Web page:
The idea of “becoming a god” is a frequent trope in anime. A character gains some sort of power or ability and often maniacally uses it for evil and he becomes, in his own mind, a god. Sometimes, though, a character becomes godlike without falling into that madman mentality. There are a few abilities that remind me of God himself – not simply super strength or invisibility or flight, but something more insane, something that can change existence itself. In Charlotte, Shunsuke has such an ability – “time leap.” And in episode ten, Yuu plunders it and becomes godlike himself.
The results of the episode demonstrate exactly why this power is so immense – not that, as a viewer, I’m complaining. It was lovely to see Shunsuke’s sacrifice (one that was more easy for viewers to consume than, say, Okabe’s more fatalistic time leaping in Steins;gate), the comeuppance that Ayumi’s attacker received, and Ayumi herself being rescued by Yuu. But we also see how calculated everything was – how each time he leapt, Shunsuke was able to more easily bend people and experiences to his will because of his foreknowledge, and then later how Yuu did the same to rescue his sister. Instead of wielding some invisible strings, which is sometimes what people think of God, Yuu uses time and relationships to move toward the ending he desired.
All this use of time reminds me of a passage I once read by Philip Yancey concerning prayer. He mentioned how we as pray-ers might choose to pray about an event that has already occurred when we don’t already know the outcome. And we can pray with confidence, because even though it has already happened, God needn’t be restrained by something as as earthly as a event already having occurred.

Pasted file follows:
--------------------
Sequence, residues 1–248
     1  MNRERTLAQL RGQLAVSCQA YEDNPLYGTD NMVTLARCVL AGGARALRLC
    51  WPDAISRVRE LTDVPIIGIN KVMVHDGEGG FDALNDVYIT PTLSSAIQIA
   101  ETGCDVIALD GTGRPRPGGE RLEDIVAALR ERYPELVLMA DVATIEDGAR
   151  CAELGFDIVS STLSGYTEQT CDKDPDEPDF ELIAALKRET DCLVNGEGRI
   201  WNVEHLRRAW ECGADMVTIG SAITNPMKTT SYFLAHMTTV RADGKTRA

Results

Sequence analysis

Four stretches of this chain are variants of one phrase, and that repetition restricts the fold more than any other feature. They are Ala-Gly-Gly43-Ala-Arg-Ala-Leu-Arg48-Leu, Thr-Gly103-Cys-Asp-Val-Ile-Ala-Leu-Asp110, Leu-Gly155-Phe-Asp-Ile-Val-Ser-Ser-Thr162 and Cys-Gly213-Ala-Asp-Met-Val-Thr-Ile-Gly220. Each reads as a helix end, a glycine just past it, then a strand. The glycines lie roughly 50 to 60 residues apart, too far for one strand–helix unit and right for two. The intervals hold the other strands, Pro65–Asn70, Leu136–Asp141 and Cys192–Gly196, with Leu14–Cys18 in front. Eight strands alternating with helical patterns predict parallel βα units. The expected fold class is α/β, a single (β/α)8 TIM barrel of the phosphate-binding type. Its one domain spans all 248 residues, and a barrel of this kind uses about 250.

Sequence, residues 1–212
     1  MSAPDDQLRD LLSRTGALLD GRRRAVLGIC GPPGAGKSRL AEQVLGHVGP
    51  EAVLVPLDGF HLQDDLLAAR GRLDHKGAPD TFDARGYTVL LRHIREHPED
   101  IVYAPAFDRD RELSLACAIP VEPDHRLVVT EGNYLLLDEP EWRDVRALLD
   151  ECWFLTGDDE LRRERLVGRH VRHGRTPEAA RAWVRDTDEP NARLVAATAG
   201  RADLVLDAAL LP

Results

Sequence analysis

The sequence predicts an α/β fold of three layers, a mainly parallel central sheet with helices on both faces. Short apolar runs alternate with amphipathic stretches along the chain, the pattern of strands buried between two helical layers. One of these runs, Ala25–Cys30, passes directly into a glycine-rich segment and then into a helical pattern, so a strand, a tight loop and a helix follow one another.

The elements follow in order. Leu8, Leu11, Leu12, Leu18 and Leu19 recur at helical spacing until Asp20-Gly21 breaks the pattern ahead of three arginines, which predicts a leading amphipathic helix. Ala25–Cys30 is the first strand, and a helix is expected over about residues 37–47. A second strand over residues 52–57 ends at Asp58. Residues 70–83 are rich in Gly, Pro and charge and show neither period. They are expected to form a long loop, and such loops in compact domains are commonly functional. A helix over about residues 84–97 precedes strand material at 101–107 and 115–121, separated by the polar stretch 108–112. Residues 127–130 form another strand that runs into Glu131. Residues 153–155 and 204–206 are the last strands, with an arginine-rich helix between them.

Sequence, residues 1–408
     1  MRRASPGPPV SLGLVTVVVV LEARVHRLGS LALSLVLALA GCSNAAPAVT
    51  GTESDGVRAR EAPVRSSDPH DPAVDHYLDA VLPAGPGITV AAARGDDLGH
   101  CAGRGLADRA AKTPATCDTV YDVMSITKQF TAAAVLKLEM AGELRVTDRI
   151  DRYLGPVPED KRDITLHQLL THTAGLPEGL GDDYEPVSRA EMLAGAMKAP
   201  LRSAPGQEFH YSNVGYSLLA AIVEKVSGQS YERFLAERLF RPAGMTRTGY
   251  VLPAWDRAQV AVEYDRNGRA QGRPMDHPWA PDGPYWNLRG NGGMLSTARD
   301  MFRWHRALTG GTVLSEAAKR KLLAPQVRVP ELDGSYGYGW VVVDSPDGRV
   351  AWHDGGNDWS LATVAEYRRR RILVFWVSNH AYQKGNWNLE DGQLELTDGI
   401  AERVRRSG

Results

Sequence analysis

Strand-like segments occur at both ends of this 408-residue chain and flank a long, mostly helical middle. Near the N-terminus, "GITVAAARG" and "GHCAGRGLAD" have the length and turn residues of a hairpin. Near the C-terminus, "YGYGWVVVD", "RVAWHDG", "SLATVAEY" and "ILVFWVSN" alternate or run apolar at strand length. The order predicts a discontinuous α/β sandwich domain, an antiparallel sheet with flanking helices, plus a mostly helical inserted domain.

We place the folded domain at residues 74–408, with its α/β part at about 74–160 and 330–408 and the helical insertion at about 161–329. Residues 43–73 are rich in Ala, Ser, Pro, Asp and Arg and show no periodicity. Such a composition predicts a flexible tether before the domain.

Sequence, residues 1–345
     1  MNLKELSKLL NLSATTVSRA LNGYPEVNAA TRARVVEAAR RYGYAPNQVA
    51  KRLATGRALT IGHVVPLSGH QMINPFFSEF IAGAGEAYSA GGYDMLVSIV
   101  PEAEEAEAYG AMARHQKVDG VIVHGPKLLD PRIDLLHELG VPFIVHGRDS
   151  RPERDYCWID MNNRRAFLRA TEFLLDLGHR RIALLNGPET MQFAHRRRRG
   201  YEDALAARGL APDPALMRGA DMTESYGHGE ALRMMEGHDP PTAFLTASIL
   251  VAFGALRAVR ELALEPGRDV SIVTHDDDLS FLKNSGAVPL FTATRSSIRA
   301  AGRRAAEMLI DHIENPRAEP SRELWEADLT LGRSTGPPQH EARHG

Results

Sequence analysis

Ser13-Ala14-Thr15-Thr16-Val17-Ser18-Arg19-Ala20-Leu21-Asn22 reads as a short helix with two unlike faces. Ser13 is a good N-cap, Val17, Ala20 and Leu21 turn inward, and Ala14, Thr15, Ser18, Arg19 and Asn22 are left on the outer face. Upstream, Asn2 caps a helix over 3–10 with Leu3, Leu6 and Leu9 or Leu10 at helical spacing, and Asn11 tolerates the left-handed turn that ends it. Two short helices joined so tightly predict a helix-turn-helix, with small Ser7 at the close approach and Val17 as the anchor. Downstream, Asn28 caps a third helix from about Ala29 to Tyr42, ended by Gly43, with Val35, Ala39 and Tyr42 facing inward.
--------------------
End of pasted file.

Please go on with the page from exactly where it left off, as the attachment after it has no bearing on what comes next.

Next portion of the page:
Because God is outside of space and time, he is able to do as he wishes to create an unexpected result. In a way, Yuu’s time leap provides a good demonstration of such – he can align circumstances that lead to certain results.
But God is different, too, in a number of ways, not least of which is that he likely won’t pop out of a locker at the last possible second to save the day. I can imagine, though, that some other incident or conversation would have persuaded Konishi to stay her attack of Ayumi (a subtlety that Yuu didn’t have the option to do), or even that Ayumi might die, the result of living in a fallen world of fallen people. God’s view is infinitely larger than our own as he works in our lives and through the lives of so many; it’s difficult to comprehend how it all works (and perhaps that’s how it should be with a being far greater than ourselves).
But there’s a lot of encouragement to be found in knowing that God has “time leap” (ha!) among many other abilities of which we know (and so many that we do not know), but in all his glory, he still chooses to establish relationship with the comparably pitiful creature known as man. And in all corridors and dimensions of space and time, this remains true: like Shunsuke’s love for his siblings and Yuu’s for Ayumi, his affections are boundless and able to do the impossible to reach us, and to save us.